The food giant collapsed shortly afterwards with a 14 billion euro hole in its accounts.

Parmalat emerged from bankruptcy in 2005, after being stripped of its loss-making foreign units, and has refocused on its core dairy business.

Mr Tanzi and other former executives were charged with market rigging, false accounting and misleading Italy's stock market regulator.

ROME — Italian tax police said Saturday that they had seized works by Van Gogh, Picasso, Cezanne and other giants of art in a crackdown on assets hidden by the disgraced founder of the collapsed dairy company Parmalat.

Authorities estimated the 19 masterpieces stashed away in attics and basements were valued at some euro100 million ($150 million).

Parma Prosecutor Gerardo Laguardia said that, based on wiretapped phone conversations, officials believed at least one of the paintings hidden by Calisto Tanzi was about to be sold.

"We got lucky. We learned that there were negotiations under way to sell one of the paintings" and raid three apartments in the area of Parma, near Parmalat's headquarters, Laguardia said in an interview on Italy's Sky TG24 TV. He didn't identify the painting.

Bologna-based tax Police Col. Piero Iovino told The Associated Press by telephone that investigators believed the entire batch of paintings, watercolors and drawings were up to be sold. The prospective buyer was a Russian, possibly living in Italy, Iovino said.

No arrests were announced as part of the art seizure.

Tax police said Parma prosecutors are opening a probe into alleged concealing of assets in Parmalat's bankruptcy case.

Parmalat, the dairy conglomerate known for its long shelf-life milk grew from a small dairy distributor in Parma, into a diversified, multinational food company by 1990, but collapsed in 2003 under euro14 billion in debt — eight times what it had previously acknowledged — in what remains Europe's largest corporate bankruptcy. Many small investors who lost their life savings were among some 40,000 defrauded bondholders.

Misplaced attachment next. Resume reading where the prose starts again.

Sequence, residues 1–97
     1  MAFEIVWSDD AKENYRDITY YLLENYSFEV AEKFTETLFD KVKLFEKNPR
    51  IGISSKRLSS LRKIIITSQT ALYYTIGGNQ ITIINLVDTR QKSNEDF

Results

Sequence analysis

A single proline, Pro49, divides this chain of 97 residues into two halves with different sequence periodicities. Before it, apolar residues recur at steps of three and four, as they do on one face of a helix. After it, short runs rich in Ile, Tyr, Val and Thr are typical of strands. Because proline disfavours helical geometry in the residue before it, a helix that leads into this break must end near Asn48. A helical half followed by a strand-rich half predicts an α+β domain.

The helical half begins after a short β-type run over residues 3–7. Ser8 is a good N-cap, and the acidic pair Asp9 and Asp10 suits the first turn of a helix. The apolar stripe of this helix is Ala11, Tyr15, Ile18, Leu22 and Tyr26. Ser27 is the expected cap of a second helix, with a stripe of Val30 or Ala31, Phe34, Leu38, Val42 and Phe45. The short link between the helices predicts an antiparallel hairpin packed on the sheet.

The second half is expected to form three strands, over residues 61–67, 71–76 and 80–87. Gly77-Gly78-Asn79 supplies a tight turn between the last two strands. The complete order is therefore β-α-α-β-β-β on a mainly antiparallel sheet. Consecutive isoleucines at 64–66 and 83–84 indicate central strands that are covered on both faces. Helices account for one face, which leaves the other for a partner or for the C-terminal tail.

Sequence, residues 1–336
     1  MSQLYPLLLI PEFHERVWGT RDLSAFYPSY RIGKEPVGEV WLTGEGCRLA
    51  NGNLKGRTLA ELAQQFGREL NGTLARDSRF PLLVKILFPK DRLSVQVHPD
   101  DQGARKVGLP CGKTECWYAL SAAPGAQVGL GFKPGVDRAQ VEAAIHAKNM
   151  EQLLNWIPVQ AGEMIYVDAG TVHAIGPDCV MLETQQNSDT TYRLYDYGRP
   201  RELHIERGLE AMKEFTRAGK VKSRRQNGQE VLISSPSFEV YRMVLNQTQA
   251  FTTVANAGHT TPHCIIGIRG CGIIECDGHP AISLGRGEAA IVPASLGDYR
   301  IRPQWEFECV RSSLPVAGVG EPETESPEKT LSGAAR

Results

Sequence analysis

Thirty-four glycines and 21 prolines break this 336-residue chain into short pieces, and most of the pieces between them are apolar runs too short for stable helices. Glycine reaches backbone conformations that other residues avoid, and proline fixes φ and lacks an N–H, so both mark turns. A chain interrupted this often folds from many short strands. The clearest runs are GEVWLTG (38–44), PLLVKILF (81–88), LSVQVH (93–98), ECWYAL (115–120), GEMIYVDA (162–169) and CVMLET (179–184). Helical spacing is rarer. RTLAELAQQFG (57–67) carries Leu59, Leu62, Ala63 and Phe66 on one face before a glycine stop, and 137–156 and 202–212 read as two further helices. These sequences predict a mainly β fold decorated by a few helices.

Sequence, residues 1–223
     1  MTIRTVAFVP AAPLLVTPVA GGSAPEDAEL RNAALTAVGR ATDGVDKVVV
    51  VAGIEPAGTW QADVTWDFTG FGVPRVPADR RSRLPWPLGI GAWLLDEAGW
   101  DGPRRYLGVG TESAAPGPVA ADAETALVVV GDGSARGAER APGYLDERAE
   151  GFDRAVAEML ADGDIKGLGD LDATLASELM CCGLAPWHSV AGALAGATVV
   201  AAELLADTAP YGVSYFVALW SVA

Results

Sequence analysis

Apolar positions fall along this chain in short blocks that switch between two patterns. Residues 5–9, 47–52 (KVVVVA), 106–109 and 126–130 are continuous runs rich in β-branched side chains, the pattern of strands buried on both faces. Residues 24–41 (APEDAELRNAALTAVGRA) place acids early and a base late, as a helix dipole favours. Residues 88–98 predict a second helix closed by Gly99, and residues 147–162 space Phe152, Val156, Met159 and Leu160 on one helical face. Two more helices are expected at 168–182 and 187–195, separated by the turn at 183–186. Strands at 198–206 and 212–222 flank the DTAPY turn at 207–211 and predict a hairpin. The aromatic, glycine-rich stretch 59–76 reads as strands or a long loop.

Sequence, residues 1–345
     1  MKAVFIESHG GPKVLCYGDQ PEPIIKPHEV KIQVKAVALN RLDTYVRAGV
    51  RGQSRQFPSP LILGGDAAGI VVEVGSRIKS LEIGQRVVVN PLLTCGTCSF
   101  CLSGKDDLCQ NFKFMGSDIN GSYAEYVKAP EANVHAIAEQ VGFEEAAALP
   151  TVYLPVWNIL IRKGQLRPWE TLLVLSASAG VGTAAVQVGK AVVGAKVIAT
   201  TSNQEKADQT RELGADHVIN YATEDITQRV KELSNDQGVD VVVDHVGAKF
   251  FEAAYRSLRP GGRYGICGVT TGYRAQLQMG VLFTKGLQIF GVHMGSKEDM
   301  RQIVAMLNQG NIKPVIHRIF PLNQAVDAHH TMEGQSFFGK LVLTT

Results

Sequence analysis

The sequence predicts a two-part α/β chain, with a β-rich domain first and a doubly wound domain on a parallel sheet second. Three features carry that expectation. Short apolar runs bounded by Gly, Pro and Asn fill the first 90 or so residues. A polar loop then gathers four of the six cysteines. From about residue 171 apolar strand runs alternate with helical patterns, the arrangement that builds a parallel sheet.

Italian courts have already ruled that Tanzi bore the brunt of responsibility for the collapse. Tanzi was convicted by a Milan court last year of market-rigging and other charges in one of multiple probes. He is currently on trial for alleged fraudulent bankruptcy.

Tanzi has blamed the banks for the labyrinth of deals that helped swell the company to a global empire with operations in more than 30 countries, but also led to the company's collapse.

For years after the collapse, Tanzi was rumored to have had a "hidden treasure" somewhere. On Nov. 29, a state TV show alleged that Tanzi had hidden a collection of artwork to try to shelter himself from the effects of looming collapse of Parmalat.

"I don't have any secret cache" of paintings, Tanzi told reporters the next day on the sidelines of his current trial in Parma, repeating his ongoing dismissal of reports that he had a so-called "little treasure" of assets squirreled away.

A lawyer who represents Tanzi and serves as his spokesman didn't answer his cell phone Saturday.

Police showed some of the paintings to journalists near Parmalat's headquarters Saturday.

After the TV show, "we tightened the screws" and zeroed in on Tanzi son-in-law Stefano Strini, Iovino said. "He told us that the paintings were Tanzi's" and led police to the apartments, he said.

As the corporate failure loomed, Tanzi moved to safeguard his wealth by hiding "property whose value endures through time," Iovino said.

Among the masterpieces was a pencil on paper portrait of a ballerina by Degas, two Van Goghs, including a depiction of a trunk of a willow tree and a still life, a watercolor by Cezanne and a pencil-work by Modigliani.

Tax police official Massimo said some of the paintings were carefully wrapped for protection, but that other paintings, including a Picasso, were left open in the store room.